5 Ways to Optimize Your Website for Sales

e-commerce feature image
Image by: fosforix
By Dexter Lunde

Did you know that (according to a poll done in January of this year by NRF Index. Forrester Research), the top selling products are software, books, music, and flowers which generated approximately $37.05 billion last year. They estimate that the American “online retail industry will be worth $279 billion by 2015.”

Every business has a website. However, not every business website sells their products online. Some websites sell services, coaching, training, eBooks, etc. If you have an e-commerce site, how do you know if you’re optimized for sales? Especially during 2014 when all businesses have websites and you (literally) have to compete with the world.

#1) Make Sharing Easy

Don’t forget to add a social bar on each page of your website, including each product. My girlfriend does a lot of online shopping. She’s one of those Pinterest-aholics. Well, she finds a lot of great products “pinned” to boards that she follows. Not only that, but I find some great products on Facebook as well. My friends and the people I follow share websites that they like, products that they think we’ll like, etc.

You can put the social bar anywhere but make sure that it’s obvious. These are great tools to help you, your product, and your business get even more publicity and viewers.

#2) Separate Tab for Your Store

Nike Website
Image by: Nike

Don’t keep a million tabs on the top of your home page. At the bare minimum, you should have different sections for:

About Us
Contact Us
Shopping Cart
Your Account

No matter what you’re selling, you need to allow customers to buy products in as few clicks as possible. Remember that one of the reasons why consumers buy online is because it’s convenient. Don’t take that away from them by making them jump through hoops and sending them through a maze on your website.

Make sure that each product (or service) has its own page. If you sell more than one type of product, break things down by category so that your customers can find things quickly.

In the example above (from the Nike website), there are tabs across the top and a handful along the side for their store.

#3) Product Information Page

When it doubt, spell everything out for your customers. Let’s say that you’re selling athletic wear online. Your customers aren’t going to be able to try these on when they’re shopping online so make sure that you’re giving them as much detail as you possibly can.

Remember when I said that each product should have its own page? Well, fill that page with info. Have a slideshow of pictures of different angles and close-ups of the details of your product, whenever you can. If you’re not so great at describing things, leave it to the professionals. Hire a contractor to do write-ups for you. They can be, both, eloquent, entertaining, and will be able to give you customers the information they need.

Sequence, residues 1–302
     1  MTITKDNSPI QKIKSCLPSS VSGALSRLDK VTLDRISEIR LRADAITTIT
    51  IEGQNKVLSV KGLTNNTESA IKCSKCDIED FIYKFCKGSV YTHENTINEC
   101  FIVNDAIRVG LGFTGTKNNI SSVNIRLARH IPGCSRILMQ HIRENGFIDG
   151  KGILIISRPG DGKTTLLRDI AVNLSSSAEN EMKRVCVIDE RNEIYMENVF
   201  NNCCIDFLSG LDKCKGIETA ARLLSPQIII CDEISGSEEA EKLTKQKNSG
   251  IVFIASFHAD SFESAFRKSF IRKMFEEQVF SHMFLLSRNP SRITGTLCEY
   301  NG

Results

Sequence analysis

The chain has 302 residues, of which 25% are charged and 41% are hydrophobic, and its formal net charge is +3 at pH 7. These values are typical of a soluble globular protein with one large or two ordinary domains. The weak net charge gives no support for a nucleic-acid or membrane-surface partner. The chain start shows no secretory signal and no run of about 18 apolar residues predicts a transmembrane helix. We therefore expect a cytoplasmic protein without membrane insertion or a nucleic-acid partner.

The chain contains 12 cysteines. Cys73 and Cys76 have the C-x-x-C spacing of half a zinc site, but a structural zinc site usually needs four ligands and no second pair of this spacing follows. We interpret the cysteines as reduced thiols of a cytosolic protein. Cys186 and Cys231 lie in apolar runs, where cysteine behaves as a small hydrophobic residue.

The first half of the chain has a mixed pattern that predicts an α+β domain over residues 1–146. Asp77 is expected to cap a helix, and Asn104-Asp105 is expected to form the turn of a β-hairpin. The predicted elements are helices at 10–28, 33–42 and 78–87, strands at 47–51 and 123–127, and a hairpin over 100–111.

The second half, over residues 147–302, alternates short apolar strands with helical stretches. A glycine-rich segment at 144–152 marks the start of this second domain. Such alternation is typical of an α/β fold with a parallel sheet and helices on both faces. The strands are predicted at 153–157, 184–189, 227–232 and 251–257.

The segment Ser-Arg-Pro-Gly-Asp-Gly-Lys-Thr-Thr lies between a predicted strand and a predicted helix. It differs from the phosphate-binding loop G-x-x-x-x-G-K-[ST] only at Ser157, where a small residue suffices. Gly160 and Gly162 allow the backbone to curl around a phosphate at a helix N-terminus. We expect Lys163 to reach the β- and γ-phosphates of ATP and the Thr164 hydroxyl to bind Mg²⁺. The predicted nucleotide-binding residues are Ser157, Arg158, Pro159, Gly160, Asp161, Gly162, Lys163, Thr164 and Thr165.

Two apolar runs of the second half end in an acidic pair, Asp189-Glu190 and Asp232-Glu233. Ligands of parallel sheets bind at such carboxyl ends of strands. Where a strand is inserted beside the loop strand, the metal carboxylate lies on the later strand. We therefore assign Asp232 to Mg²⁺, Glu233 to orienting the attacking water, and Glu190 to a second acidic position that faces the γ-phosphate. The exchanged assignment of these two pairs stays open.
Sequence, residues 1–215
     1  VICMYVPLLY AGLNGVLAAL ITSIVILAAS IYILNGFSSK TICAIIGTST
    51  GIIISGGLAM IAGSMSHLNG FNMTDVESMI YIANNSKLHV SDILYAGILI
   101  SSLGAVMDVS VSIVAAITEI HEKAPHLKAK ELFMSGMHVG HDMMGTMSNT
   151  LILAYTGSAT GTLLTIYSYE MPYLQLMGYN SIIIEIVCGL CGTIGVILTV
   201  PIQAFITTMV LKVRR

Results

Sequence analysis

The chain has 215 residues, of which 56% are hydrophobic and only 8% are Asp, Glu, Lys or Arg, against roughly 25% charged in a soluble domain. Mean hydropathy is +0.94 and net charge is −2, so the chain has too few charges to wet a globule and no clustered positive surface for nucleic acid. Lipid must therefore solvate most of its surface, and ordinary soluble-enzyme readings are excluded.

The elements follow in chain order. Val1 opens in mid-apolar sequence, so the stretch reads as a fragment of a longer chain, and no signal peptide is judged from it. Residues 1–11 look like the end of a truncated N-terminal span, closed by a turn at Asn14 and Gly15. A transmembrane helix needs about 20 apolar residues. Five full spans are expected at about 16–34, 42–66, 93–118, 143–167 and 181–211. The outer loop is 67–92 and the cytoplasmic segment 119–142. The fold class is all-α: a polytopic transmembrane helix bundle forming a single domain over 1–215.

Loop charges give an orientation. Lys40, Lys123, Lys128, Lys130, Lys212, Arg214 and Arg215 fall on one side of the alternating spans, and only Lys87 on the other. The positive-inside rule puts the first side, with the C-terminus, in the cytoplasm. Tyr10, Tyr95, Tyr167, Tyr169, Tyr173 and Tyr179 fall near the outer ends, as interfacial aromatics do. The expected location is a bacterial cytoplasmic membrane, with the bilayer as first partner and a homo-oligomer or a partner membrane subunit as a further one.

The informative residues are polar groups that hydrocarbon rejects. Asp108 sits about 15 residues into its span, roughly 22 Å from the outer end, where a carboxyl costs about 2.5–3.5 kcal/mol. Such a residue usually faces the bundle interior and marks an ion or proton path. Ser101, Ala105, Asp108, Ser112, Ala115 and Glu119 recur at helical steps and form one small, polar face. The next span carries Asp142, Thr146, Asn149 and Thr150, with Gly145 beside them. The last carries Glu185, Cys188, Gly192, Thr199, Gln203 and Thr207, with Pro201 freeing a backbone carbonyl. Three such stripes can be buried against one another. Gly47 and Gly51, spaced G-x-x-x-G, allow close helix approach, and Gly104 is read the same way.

#4) Speaking of Pictures

With high-definition screens on phones, tablets, and computers, it is imperative that businesses (and individuals) who are offering products take high quality pictures. Like I said before, the customers won’t be able to hold the object in their hands until after they buy it. So to ensure customer satisfaction, you have to make sure that you give them as much information as possible. That includes taking great pictures.

If you can, give the measurements but also take some pictures with another object so that they can see the relative scale. If you can, make it a common object and make it relative to your business. You can also make it funny – everybody loves funny. If you can take a picture of your smaller products and make it to scale (“actual size”), that’s even better.

josbank.com signature gold suit
Image by: Jos. A Banks

Another great option is available on many websites including the Jos. A Banks site. As your cursor scrolls over the image, a viewer pops up, letting you see the image in greater detail.

#5) Testimonials to Drive Sales

Encourage people to put their reviews on the products. If there is a bad review (and there will always be one), make sure to address it publicly and offer your services and help. Let that customer know to private message you so that you can delve further into the problem. Give them great customer service and they will return the favor by telling their friends how great your company is.

Likewise, if you get great reviews, make sure to address those as well. Engage with your customers. It helps the public see you as a group of hard-working people instead of just some obscure entity that they can’t relate to. Keep in mind that, that’s a part of the charm of small businesses – interaction.